2-Is it possible (if had an intruder) to change the logs, deleting the attack vector to make the diagnostic appearing to be normal?

3-I was working online on a web design platform, Webflow. There is no need to download, we work in the cloud. I was inside my Dashboard working on a new project when the sinister event started. Can be seen in the first video.

Could it be possible, the system has presented a vulnerability when having to work on software/platform in the cloud, allowing the opening of a “door” for the attack?

I’m sorry for the bad word in the video, I was really surprised, in shock. (also its poor quality).
This is the second time happening, although the first event was not as obvious.

Please, I would like to know your conclusions about what happened.
Thank you

Thanks for diligently recording and sharing these videos. It must have been really jarring to see this!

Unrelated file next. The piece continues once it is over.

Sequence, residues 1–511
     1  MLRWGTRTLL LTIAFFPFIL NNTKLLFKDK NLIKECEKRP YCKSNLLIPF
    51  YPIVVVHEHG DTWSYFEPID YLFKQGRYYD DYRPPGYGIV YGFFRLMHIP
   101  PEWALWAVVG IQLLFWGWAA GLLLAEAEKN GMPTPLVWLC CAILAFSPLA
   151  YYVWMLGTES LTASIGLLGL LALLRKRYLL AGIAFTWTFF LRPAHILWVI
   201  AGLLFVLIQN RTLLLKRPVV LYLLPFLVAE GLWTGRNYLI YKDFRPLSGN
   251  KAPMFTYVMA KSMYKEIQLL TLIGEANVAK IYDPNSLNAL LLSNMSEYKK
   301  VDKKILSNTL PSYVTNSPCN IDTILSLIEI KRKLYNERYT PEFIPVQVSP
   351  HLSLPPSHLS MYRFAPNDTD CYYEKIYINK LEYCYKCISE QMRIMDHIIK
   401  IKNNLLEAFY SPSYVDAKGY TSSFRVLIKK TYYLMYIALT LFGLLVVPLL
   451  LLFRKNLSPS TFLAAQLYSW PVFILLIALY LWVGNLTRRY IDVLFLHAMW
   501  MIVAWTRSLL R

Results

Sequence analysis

However, I’m rather confident you don’t have to worry about a malicious attacker at play here. Watching the videos, there is a sort of pattern to the mouse movements which is familiar to me (and likely others who have worked on touchpad drivers) - the rhythm at which they appear, and the movements which are somewhat random and largely diagonal. In brief, your touchpad is going crazy and reporting all kinds of movements and clicks.

I’d comfortably reached that conclusion before I looked at your log, but that also confirms it with many messages like:
(EE) event12 - SYNA7DB5:01 06CB:CD41 Touchpad: kernel bug: Touch jump detected and discarded.

So I think what you need to look at here is if there is a likely hardware issue with your touchpad. If it was a one-off then it may not be worth your time worrying about, but if it happens repeatedly then you could look at the warranty details of your PC to see if can be repaired.